You may not understand the last example, because Mary McCarthy is not much read these days; it’s from her 1963 novel, “The Group.” Wickedly compounded of its characters’ youthful cluelessness and haute-bourgeois snobbery and its author’s touching, fragile faith in human progress, “The Group” speaks its gossip in the composite voice of Vassar 1933, channeled through its most famous graduate.
So it makes perfect sense that Frances Kiernan’s big new biography of McCarthy is an upscale gabfest, a chorale of gossip culled from its subject’s intimates and acquaintances, friends and enemies. Rivaling “Infinite Jest” for heft, “Seeing Mary Plain” ends with a 16-page alphabetical cast of characters, a “Who’s Who” of midcentury American letters that includes the Vassar classmates who were McCarthy’s first eager readers. “I learned from her short stories that devilled ham was fatal to a proper orgasm and that lettuce was a powerful aphrodisiac,” says one Lucille Fletcher Wallop. “I had never heard of orgasms or aphrodisiacs, but I lapped up her descriptions as did the rest of the class, who often lined up in a long queue waiting for the folder.”
Over a 50-year career, McCarthy wrote about politics, literature, theater, art. She defended Leon Trotsky against the literary Stalinists of the ’30s, organized left-wing anti-Communist writers during the Cold War, covered Vietnam and Watergate. And she created a mordant fiction of ideas and their seductions, a stylish erotics of class, power and the intellect.
Beautiful, witty and infinitely contentious, she was called “the dark lady of American letters,” as though American letters needed to contain a woman so dangerous by means of a nervous epithet.
“Mary was beautiful,” literary critic Lionel Abel tells Kiernan. “A real beauty. You don’t expect that in someone so bright.” And Isaiah Berlin seems to be giving himself points for judiciousness when he confides that “Mary wasn’t the cleverest woman I ever met. I think the cleverest woman I ever met was … Elizabeth Hardwick.” Who was the cleverest man Berlin ever met? He doubtless never thought to ask.
Still, it’s maddening quotations like these that give this biography its shape and flavor. Knitted together by Kiernan’s thoughtful and effortless-seeming summaries, it’s a surprisingly quick, enjoyable and enlightening read, suggesting — as more heavy-handed biographies do not — the dailiness of a life in process. “From start to finish,” Kiernan says, “Mary McCarthy wrote sentences that were clear and lucid and altogether beguiling.” “Seeing Mary Plain” maintains a lightness, balance and buoyancy worthy of its subject.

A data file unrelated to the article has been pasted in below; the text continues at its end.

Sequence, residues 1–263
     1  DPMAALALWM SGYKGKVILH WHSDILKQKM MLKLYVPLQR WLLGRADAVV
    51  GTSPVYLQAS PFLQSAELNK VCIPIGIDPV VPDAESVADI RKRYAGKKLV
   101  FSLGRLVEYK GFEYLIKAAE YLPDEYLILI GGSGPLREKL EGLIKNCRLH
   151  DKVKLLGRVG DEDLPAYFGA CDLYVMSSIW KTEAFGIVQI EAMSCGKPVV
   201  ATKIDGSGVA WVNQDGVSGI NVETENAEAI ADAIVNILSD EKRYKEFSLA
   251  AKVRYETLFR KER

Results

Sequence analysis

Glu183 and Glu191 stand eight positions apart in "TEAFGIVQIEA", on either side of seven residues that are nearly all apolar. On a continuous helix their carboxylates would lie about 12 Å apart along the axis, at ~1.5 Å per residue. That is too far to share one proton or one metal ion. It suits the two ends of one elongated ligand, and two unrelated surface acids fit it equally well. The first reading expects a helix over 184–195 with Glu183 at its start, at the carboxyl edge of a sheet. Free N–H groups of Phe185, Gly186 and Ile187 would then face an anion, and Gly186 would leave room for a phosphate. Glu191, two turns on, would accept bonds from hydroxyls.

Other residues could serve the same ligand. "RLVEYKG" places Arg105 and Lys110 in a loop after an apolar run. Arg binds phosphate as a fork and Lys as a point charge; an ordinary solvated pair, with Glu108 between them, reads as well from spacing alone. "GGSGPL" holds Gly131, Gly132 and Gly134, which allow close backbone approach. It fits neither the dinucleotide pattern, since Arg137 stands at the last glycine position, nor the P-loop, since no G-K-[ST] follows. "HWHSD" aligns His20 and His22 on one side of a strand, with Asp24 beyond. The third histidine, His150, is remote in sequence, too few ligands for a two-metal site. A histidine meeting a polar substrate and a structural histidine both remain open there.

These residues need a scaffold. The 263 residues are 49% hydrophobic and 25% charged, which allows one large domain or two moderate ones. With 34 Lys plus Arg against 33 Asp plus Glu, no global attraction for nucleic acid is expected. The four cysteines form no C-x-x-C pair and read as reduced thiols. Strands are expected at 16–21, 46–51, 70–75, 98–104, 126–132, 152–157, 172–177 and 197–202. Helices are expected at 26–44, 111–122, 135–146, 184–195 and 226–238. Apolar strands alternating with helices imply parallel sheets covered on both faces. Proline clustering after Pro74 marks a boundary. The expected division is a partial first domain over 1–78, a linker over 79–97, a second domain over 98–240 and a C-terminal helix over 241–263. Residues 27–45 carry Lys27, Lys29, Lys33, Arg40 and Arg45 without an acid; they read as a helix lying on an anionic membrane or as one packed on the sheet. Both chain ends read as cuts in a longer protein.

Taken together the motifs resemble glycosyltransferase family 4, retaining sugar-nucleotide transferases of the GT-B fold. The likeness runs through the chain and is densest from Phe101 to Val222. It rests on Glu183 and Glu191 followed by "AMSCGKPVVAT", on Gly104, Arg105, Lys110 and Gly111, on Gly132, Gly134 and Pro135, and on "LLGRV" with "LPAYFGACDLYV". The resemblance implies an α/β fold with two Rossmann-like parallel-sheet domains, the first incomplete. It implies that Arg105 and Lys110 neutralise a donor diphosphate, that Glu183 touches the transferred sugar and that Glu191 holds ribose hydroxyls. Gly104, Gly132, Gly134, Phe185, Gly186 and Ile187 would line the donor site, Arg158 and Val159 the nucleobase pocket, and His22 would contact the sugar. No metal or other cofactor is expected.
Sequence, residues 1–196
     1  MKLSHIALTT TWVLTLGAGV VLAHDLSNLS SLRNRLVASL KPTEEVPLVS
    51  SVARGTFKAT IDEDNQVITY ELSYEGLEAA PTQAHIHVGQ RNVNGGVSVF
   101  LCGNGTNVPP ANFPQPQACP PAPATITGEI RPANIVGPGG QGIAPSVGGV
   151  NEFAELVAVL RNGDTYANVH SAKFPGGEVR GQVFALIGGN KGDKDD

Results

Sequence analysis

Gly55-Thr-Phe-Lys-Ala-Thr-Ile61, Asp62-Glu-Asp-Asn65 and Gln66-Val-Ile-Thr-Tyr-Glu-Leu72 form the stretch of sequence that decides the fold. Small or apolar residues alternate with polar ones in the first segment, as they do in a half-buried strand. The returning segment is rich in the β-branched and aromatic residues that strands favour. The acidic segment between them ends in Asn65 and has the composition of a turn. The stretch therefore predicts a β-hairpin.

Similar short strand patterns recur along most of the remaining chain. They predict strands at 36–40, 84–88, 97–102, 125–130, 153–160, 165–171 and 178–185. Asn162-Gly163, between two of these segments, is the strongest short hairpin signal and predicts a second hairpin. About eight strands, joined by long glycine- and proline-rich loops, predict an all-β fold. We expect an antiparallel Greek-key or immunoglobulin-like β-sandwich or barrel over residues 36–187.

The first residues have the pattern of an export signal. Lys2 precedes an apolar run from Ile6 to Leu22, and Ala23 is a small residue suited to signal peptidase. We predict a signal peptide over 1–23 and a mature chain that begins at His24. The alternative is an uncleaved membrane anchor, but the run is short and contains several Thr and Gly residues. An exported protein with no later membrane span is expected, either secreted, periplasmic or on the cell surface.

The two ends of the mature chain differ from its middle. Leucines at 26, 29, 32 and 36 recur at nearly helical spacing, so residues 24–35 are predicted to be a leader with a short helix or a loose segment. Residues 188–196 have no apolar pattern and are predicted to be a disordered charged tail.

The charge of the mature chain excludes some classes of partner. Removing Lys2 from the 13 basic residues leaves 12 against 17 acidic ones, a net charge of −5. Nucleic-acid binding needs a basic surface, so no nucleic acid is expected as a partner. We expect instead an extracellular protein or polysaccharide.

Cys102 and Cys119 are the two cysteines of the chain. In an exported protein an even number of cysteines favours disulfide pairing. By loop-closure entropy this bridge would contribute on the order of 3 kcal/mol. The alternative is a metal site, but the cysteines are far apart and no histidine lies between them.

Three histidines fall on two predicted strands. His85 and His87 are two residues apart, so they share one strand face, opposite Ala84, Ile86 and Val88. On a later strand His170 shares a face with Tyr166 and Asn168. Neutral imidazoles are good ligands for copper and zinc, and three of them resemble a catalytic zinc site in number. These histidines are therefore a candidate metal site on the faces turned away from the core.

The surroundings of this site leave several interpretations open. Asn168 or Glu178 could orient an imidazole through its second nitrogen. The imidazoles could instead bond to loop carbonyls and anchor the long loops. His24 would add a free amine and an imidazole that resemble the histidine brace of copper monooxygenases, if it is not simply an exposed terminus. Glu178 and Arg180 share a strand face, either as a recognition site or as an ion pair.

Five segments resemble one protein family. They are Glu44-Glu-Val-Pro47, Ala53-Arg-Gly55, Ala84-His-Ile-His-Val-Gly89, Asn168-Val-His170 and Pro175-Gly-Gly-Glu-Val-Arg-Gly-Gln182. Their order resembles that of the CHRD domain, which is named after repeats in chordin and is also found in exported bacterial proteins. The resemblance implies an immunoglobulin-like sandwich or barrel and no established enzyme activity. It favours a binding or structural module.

“Anecdotes tend to cut their subjects down to size,” Kiernan points out, and here, too, the biography’s anecdotal form seems particularly apposite for a woman who wielded such a mean and gleeful scalpel. She used it most famously in her 1979 assessment of Lillian Hellman on late-night TV: “Every word she writes,” McCarthy told host Dick Cavett, “is a lie, including ‘and’ and ‘the.’”
But what’s more interesting is McCarthy’s way of cutting herself down to size. In the first and best of her memoirs, “Memories of a Catholic Girlhood” (1957), she inserts several pages of italicized commentary between the essays. “There are several dubious points in this memoir,” she tells us, as though (as Jean Strouse points out) she were simultaneously defendant and prosecuting attorney in some court of her own convening.
“When you have committed an action that you cannot bear to think about,” she wrote in “How I Grew” (1987), “make yourself relive it, confront it repeatedly over and over.” Her own unbearable — often sexual — actions revealed a need for attention and admiration, as well as a guilty desperation engendered, perhaps, by winning too cheaply. “The men she had known … had been, when you faced it, too easily pleased: her success had been gratifying but hollow. It was not difficult, after all, to be the prettiest girl at the party for the sharecroppers.”
All this often works brilliantly on the page — most particularly, I think, in her first novel, “The Company She Keeps” (1942), from which that passage is taken. (Start with it rather than “The Group” if you want to read McCarthy.) But though every “and” and “the” rings with intelligence and authenticity, it’s ultimately still (as writing always is) self-justification. Nobody ever really gets to be both judge and defendant at her own trial.
The jury of scolds and gossips that Kiernan has convened is a loving corrective — because they do not finally cut McCarthy down to size at all but, rather, allow her to expand into a space that’s roomier than any one writer’s beguiling sentences or carefully qualified memoirs could allow. “Preserve me in disunity,” the heroine of “The Company She Keeps” prays on the last page of the novel. And so her creator is preserved in this fine biography.